Donald Lynden-Bell was educated at the University of Cambridge, where, after periods at the California Institute of Technology and the Royal Greenwich Observatory, he became professor of astrophysics in 1972. He is known for significant contributions to the theories of star motions, the formation of the Galaxy, spiral structure in galaxies, chemical evolution of galaxies, and the distributions and motions of galaxies and quasars. His 1962 paper with Olin Eggen and Allan Sandage, proposing that the Galaxy formed in a free-falling collapse, has stimulated an enormous amount of research. In 1969 he proposed that black holes are at the centers of galaxies and provide the energy sources for quasars.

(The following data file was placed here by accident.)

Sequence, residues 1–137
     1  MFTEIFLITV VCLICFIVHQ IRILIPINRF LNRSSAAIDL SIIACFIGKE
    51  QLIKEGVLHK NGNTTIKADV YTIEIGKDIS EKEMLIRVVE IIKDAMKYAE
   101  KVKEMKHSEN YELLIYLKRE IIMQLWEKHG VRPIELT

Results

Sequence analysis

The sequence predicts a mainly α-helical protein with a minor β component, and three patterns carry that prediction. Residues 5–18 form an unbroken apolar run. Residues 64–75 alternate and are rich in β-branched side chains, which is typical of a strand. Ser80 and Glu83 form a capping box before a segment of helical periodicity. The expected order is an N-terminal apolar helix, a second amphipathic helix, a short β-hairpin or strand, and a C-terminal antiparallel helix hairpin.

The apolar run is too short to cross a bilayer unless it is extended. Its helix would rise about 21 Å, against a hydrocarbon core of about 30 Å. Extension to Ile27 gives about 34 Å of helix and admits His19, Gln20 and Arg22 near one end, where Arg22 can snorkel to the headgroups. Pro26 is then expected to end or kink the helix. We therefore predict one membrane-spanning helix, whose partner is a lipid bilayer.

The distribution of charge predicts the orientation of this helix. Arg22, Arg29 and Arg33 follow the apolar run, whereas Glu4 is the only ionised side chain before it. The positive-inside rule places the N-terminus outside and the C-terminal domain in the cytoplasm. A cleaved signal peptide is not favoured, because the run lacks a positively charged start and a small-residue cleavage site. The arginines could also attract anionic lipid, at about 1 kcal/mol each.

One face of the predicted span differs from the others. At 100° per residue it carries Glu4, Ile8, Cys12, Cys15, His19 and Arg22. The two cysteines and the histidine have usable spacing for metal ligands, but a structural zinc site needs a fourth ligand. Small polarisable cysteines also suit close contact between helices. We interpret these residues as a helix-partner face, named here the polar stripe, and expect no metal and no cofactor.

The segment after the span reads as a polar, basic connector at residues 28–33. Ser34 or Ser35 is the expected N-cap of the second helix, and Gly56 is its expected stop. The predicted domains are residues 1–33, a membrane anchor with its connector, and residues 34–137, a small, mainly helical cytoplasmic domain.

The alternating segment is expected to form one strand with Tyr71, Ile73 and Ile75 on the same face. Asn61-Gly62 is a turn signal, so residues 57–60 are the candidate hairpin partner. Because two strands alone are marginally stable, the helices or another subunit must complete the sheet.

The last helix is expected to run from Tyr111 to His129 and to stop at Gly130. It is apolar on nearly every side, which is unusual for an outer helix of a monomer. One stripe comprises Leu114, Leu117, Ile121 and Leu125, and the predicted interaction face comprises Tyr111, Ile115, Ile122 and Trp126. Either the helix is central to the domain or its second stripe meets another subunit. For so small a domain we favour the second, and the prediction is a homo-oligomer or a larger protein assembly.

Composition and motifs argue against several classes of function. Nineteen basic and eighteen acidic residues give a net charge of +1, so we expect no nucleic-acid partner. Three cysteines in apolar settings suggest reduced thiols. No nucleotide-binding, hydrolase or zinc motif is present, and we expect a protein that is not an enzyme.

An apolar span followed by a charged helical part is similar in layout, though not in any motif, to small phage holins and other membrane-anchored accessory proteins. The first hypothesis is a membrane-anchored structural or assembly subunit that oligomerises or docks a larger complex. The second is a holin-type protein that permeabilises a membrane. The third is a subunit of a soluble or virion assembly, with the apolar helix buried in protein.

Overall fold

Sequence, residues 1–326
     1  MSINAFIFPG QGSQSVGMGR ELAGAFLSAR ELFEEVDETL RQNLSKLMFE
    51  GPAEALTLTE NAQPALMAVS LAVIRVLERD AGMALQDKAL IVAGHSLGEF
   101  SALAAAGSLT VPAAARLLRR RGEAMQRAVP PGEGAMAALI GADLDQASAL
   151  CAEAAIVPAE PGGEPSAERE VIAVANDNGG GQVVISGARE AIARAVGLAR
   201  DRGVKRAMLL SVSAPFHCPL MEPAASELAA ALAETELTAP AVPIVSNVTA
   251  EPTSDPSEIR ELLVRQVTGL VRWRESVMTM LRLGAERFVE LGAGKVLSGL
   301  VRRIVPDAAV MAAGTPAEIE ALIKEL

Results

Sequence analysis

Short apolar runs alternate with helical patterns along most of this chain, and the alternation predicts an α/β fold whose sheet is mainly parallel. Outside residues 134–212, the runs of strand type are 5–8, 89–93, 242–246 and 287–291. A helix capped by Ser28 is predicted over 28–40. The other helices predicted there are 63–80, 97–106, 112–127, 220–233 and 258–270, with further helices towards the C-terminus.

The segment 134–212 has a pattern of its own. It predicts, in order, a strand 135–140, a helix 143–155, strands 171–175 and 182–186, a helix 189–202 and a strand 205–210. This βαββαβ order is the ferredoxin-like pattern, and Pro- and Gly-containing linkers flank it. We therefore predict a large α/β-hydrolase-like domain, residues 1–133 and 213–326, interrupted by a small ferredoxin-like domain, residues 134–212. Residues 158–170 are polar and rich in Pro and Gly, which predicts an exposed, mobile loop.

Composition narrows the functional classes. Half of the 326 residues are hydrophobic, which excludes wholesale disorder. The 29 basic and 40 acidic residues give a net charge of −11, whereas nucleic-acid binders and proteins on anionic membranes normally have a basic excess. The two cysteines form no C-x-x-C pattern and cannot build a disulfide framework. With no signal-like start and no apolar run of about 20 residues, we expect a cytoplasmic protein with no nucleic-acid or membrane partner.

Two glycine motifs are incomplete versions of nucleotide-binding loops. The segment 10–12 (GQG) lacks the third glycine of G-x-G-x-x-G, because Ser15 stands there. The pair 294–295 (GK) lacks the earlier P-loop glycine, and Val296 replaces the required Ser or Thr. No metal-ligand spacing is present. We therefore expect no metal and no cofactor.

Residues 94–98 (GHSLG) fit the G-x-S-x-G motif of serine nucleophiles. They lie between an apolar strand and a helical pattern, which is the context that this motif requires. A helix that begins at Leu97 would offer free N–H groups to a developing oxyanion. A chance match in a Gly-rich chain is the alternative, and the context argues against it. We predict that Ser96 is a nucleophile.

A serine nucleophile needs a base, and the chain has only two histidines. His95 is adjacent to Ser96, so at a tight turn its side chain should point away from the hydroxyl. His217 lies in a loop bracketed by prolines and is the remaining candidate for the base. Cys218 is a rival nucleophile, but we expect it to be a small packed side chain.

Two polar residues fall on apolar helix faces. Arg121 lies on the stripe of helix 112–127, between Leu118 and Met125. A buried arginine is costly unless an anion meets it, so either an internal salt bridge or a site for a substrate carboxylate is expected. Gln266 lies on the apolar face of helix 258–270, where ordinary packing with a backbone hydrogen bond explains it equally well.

He is the senior member and chief theorist of the group of seven astronomers who have investigated the motions of nearby galaxy clusters and who proposed the “Great Attractor” to explain them. He has worked on the relation of the nature of the universe to inertia (Mach's Principle). With his wife Ruth, a chemist, he has investigated thermodynamic equilibrium in clusters of stars and galaxies. His recent research has dealt with problems in optics, cosmology, and relativistic physics.